Three things about The Outfield:
1) The Outfield were always more popular in the U.S. than they were in their native England.
2) Out of the gate they were a platinum band but saw their popularity fade with each album.
3) Writer, poet and all-around Queen fanatic Daniel Nester once said The Outfield sounded like "The Knack found a helium dispenser."
Bassist/singer Tony Lewis, guitarist/keyboardist/songwriter John Spinks, and drummer Alan Jackman worked under the name Sirius B in the late '70s. But their power-pop could not withstand the prevailing Punk scene so they disbanded only to reform a few years later.
Since Spinks had a fixation on American sports - especially baseball - and having seen the cult film The Warriors, which had a gang called the Baseball Furies, he came up with the name Baseball Boys. The group's American manager helped steer them toward The Outfield.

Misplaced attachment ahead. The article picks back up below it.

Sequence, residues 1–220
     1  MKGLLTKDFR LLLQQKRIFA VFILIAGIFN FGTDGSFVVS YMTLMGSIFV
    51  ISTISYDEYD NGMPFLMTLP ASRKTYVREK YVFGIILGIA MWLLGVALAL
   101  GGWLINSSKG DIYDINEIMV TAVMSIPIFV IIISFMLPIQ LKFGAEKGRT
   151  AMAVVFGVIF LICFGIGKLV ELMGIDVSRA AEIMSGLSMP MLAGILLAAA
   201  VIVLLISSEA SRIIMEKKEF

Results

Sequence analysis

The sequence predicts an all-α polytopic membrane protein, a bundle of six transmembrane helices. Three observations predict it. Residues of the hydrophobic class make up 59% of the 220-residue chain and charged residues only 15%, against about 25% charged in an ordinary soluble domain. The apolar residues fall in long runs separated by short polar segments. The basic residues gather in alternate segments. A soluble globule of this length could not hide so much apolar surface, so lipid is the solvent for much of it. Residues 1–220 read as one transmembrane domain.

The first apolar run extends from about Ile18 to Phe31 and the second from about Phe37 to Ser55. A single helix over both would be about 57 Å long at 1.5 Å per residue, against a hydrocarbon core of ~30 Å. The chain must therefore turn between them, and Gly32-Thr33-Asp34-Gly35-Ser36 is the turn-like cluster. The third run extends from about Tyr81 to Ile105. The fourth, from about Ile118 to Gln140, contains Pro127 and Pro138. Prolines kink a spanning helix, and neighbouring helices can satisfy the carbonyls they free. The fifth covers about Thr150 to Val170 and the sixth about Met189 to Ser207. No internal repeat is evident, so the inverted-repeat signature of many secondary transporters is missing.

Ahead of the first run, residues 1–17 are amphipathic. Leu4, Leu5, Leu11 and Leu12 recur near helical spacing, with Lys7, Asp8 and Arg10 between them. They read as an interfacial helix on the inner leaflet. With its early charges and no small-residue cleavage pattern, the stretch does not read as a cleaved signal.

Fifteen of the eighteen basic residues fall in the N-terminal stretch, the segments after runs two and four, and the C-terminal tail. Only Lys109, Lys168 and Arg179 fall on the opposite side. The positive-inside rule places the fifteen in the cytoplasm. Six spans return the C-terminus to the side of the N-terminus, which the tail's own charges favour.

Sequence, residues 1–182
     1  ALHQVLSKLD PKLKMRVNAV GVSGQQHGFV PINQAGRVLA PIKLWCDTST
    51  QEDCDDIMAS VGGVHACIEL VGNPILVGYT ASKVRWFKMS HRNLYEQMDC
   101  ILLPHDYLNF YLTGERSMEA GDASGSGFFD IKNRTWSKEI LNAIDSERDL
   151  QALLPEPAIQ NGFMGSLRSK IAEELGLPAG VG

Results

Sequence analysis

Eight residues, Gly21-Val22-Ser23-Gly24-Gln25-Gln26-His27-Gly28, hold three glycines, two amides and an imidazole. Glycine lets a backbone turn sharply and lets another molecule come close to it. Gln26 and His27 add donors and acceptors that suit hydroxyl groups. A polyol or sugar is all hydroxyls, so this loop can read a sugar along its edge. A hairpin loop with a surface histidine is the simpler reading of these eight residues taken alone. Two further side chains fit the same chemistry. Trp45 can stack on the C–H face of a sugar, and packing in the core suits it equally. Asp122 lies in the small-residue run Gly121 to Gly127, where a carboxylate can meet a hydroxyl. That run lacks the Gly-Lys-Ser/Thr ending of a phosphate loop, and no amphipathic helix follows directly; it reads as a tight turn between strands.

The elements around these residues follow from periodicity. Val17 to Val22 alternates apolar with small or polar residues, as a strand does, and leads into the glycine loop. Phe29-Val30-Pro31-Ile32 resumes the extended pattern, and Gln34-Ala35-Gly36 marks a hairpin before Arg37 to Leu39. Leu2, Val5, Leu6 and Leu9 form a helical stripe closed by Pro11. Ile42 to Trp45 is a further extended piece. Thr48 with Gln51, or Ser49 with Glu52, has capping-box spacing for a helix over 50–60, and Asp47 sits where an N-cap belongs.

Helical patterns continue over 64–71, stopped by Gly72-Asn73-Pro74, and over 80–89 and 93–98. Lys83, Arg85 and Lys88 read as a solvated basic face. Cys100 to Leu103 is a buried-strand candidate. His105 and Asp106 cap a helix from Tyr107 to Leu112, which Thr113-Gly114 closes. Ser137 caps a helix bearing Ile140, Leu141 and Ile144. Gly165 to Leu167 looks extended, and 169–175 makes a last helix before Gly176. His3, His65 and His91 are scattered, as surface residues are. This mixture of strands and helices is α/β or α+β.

Debut album "Play Deep" dropped in '85 and went triple platinum led by the Top 10 single "Your Love." They toured with the likes of Journey and Starship (which speaks volumes about the band's sound and appeal). Two years later, The Outfield issued "Bangin'." Though a commercial success, it failed to match their debut.
"Voices Of Babylon" yielded the hit "My Paradise" but couldn't halt the band's steep decline. In addition, Jackman left.
Two albums, "Diamond Days" and "Rockeye," came and went with little notice. The group, once again, disbanded. And, once again, they reformed in the late '90s for a modest comeback.
Spinks died in '14 after a decade long battle with liver cancer. He was 60 years old.
1985 Play Deep
1989 Voices Of Babylon
1990 Diamond Days
1998 It Ain't Over...
1999 Extra Innings
2006 Any Time Now